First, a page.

There is a constant sping machine going, with new data being released seemingly every week saying that either the Canadian Market is due for a correction or it’s “balanced”. Everyone has their opinion: from Flaherty and Carney to Garth Turner and Benjamin Tal, to Will Dunning and Cameron Muir.

  5. Paul,
    Please answer my stupid question:
    Are you saying that Carney is more concerned with the leather, coffee table ottoman I bought with my BMO mastercard or the mortgage on my rental triplex?
    Dislike being juvenile but your comment is misleading so I felt the need to respond in kind. A B of C governor can only say so much and must be circumspect, given that standard, what he said was pointed: tighter mortgages.

  6. He is far more concerned with your coffee table ottoman on your BMO Mastercard because, chances are, it’s not alone on that card, along with your last vacation, not to mention your car loan and a bathroom reno on your LOC that are all at much higher rates than your mortgage.
    That may not be your situation, but it is the situation for many (unfortunately) irresponsible Canadians, often those at the highest risk.
    When the going gets tough, we all know which debt will be paid first and which will be carried over and over, paying only the minimum each month. That’s what’s going to trigger the debt tsunami.

  7. To add re: Tomas…your comment is rational at first blush, from someone who is likely thoughtful and reasonable with regard to their financial affairs. But Carney isn’t worried about people like you or me (hopefully! haha).
    He’s worried about people who are relying too heavily on their other sources of credit – ones used for purchases that generate little to no long-term equity; purchases made at interests rates that are not only higher than mortgages, but also largely beyond his sphere of influence. That’s the key.
    People are going to do everything they can to make sure that the money is there for the lender to take out every month. The mortgage payment is a forced ritual that the owner barely even takes part in.
    The problem is the riskier borrowers are going to make sure this money is there by “temporarily” shifting additional costs to those other sources of credit – sources of credit they’re already heavily relying on.
    Considering that many people use their credit cards for everything from major purchases to recreational pursuits, from gas and groceries to emergency borrowing; considering that they DIY/reno boom has encouraged more and more homeowners to make improvements funded from LOCs; considering that, for some reason, many people today view former luxuries as today’s essentials (high-end electronics, vacations, etc.) and these are often funded from credit, this is a major major problem if/when the housing market cools off.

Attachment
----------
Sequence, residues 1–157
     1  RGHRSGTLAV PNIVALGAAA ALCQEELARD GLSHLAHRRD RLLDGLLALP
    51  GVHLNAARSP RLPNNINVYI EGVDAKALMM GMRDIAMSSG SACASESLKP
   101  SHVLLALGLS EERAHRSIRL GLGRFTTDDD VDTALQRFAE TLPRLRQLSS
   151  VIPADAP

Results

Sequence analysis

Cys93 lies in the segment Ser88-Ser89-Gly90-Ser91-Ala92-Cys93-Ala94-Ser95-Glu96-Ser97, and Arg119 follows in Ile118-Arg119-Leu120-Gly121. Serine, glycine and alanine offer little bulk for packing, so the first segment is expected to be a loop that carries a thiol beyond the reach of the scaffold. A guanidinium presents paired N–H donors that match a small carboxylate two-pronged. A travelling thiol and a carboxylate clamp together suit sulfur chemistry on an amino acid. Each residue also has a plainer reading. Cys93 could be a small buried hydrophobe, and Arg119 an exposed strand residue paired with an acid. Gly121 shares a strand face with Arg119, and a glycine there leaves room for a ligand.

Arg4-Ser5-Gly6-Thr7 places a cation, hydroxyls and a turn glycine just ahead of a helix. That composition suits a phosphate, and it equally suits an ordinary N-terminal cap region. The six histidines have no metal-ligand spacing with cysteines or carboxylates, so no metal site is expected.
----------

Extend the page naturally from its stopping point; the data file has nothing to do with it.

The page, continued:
Now, compensating by putting more on credit is an extremely stupid thing to do, but that’s what is going to trigger the credit crisis, as risky borrowers pile on additional debt to credit sources with high interest rates that allow first bare-minimum payments, practically in perpetuity.

  8. My top prediction of 2011 is that TD loses volume from brokers. I haven’t heard any broker say positive things about TD since they switched to collateral mortgages. In fact, I wouldn’t be suprised if TD loses volume in the retail channel too.

  9. TD’s change to a collateral charge is potentially a poison pill for both brokers and consumers. I don’t anticipate funding a single mortgage through them this year.

  10. What does CMT think the winds of fate have in store for the non-big 6 lenders in 2011?
    An informed opinion from the front lines would be interesting.

  11. Hi Stephen, Is there anyone doing this now? CommunityLend is interesting, but their amortization/term/loan max. have been too small to support mortgage lending. Perhaps that will change eventually. Cheers, Rob

  12. Hi Tomas,
    Banks are in the catbird seat because they have tons of low-cost cash (e.g., grandma’s 0.30% interest savings account). Non-deposit-taking lenders don’t have that edge.
    That said, banks may face more heated competition this year from CUs, non-banks, and brokers. Moreover, many expect mortgage volume growth to flatline or decline this year. As a result, banks might see their mortgage interest margins compress a bit further. (This assumes no more financial crises of course.)
    The thing we’re most curious about is whether any of the other Big 6 will compete publicly against BMO’s Low Rate mortgage. That could impact (sharpen) pricing industry-wide.

  13. Hey Rob,
    Thanks for the information.
    BMO, in my perception, is the most aggressive seeker of retail business. I expect them to remain at the front of the rate wars. Perhaps to the point of encroaching on the larger “micro-lenders” out there. My outside bet is that “micro-lending” undergoes consolidation in 2011 – we’ll see.
    Please indulge me with another “insider” tidbit if you’re willing. Presumably you place most of your deals with “micro-lenders” Do any of your mortgage clients express concern over the going-concern status of a particular “micro-lender” (ie. will this lender be around in 2016 when it’s time to renew)?